As the inaugural holder of the Ian and Jayne Munro Chair in Food Safety, Dr. Goodridge plans to address these challenges by targeting the three pillars of a modern food safety research and education programme, including cutting edge research on food safety problems, training the next generation of food safety professionals, and outreach to the Canadian food industry to provide assistance with any potential issues that may arise.  These pillars are more fully expanded upon below. 

Food Safety Research

As we consume more foods that are imported, it is important to understand that many of the countries producing these foods do not have food safety guidelines that are as stringent as Canadian guidelines.  This means that there is the potential for many imported foods to be contaminated with pathogenic microorganisms and harmful chemicals.  Research conducted as part of the food safety programme will be aimed at developing more robust, rapid methods that can be used to test foods for the presence of contaminants and deliver test results within hours as opposed to days, which is the current paradigm.  Other research projects will focus on the development of natural antimicrobials (compounds that are naturally present in the environment that are effective at killing bacteria and virsues in foods), and methods to ensure that water used in food production is safe for consumption.

Training 

As food production becomes more and more industrial and global, it will be important to ensure that the next generation of employees in the food industry is adequately trained to handle not only the current challenges associated with food production, but also future challenges that may arise.  Undergraduate and Graduate students in the Food Safety Programme at McGill will receive enhanced training in food production, food process control, public health, food regulations (laws) and food economics through interactions with Professors across many of McGill’s Faculties as well as internships with Canadian food companies.  The goal will be to produce well-rounded students who are immediately prepared to enter the food industry, and who have an effective blend of theory and practical knowledge.  In addition to training students, it will also be necessary to conduct continuing education for professionals who are currently working in the food industry.  This is needed because regulations and technology are often introduced to the food industry at breakneck pace, and keeping up with all of the advances on a continuous basis can be daunting.  Training of food industry professionals will occur through short 2-3 day workshops that will be offered on a variety of topics that are important to the Canadian food industry.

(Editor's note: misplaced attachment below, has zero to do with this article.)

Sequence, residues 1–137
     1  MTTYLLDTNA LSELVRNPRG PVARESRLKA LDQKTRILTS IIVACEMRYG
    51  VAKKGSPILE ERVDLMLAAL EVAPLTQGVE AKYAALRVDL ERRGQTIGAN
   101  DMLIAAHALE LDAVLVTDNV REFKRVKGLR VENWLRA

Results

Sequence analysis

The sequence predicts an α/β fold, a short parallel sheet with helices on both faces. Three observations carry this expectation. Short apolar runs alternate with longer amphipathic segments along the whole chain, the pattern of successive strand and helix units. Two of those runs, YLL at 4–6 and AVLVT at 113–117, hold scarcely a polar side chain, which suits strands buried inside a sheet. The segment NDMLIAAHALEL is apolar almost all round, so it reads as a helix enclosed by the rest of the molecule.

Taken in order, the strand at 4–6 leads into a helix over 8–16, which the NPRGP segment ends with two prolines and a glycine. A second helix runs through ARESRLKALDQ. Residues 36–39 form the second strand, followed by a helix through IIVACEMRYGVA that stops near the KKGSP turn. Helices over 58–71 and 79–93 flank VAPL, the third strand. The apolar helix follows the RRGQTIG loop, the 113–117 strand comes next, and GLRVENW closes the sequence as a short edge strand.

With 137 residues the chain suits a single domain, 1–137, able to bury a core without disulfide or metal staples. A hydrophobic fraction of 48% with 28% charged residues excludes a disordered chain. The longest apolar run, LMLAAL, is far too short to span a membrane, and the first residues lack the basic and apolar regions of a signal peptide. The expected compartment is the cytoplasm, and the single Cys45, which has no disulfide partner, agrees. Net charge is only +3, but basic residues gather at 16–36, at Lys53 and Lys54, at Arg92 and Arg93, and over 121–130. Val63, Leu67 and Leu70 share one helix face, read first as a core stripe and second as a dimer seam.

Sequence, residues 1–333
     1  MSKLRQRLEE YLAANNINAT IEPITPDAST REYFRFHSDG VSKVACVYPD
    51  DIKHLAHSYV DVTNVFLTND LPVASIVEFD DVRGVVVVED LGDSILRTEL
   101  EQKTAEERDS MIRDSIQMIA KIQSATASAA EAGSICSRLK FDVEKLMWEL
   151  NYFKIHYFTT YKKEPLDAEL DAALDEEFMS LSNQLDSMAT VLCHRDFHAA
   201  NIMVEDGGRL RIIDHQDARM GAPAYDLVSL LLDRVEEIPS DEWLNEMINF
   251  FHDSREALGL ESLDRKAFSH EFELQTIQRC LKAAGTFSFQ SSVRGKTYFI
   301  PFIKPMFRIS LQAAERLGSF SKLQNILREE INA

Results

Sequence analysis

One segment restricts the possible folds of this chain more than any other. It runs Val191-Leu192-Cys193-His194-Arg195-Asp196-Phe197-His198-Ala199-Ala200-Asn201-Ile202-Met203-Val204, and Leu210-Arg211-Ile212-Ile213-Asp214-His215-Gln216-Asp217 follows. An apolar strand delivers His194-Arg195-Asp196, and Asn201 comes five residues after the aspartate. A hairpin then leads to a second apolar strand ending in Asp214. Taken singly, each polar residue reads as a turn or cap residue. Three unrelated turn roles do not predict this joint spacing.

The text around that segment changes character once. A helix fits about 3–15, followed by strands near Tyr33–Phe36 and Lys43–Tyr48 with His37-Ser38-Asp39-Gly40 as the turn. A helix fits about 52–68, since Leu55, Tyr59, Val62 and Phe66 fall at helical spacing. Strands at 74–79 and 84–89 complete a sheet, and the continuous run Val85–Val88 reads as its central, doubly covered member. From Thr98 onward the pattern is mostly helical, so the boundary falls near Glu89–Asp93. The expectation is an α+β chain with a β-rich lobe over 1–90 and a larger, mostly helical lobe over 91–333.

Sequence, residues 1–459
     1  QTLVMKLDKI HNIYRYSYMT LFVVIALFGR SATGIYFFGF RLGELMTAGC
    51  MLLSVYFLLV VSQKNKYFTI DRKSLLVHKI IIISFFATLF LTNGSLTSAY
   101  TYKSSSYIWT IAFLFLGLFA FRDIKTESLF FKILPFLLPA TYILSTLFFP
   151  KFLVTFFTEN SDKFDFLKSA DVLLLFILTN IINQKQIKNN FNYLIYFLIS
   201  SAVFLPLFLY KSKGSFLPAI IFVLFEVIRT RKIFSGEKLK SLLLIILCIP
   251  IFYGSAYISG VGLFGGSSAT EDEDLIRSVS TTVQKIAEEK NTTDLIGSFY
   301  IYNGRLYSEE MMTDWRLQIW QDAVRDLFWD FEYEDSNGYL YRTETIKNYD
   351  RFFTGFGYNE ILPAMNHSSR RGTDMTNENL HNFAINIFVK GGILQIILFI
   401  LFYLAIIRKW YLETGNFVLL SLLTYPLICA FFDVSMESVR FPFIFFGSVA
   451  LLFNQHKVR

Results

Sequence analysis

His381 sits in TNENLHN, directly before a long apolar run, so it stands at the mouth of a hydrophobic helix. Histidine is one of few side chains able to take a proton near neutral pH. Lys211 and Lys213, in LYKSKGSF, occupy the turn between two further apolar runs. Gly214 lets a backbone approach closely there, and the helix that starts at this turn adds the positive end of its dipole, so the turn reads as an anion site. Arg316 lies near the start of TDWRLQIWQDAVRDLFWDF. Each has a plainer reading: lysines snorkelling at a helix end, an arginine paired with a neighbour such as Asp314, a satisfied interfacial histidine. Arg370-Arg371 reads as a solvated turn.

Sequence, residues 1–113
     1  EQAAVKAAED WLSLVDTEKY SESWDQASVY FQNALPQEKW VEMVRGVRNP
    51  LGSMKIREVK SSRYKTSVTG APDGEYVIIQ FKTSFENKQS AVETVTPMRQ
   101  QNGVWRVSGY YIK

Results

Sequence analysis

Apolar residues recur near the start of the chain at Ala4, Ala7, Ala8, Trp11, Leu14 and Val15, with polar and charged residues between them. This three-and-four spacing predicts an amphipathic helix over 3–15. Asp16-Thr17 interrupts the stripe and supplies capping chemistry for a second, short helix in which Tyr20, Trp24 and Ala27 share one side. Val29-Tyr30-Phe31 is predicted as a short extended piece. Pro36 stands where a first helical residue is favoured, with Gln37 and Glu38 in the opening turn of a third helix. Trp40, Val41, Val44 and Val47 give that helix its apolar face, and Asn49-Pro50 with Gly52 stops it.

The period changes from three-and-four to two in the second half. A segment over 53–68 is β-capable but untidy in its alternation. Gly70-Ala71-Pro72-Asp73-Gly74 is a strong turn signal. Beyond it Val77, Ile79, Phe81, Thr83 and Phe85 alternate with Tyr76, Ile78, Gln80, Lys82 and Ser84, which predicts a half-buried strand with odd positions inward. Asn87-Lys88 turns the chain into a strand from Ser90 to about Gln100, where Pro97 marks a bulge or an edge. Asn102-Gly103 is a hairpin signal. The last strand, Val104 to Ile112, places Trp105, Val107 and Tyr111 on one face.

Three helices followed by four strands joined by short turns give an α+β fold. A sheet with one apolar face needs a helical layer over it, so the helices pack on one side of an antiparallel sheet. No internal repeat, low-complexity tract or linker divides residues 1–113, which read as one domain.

Food Industry Outreach

Perhaps the most important aspect of the Food Safety Programme will be to continually reach out to the food industry to provide assistance with acute issues (recalls of product, implementing new food regulations), as well as to provide an avenue for ongoing dialogue with respect to exploring ways to improve Canadian food safety.  Dr. Goodridge plans to be in constant contact with Canadian food companies through food safety forums that are held on the Macdonald Campus, as well as through targeted visits to companies, and the afore mentioned training workshops.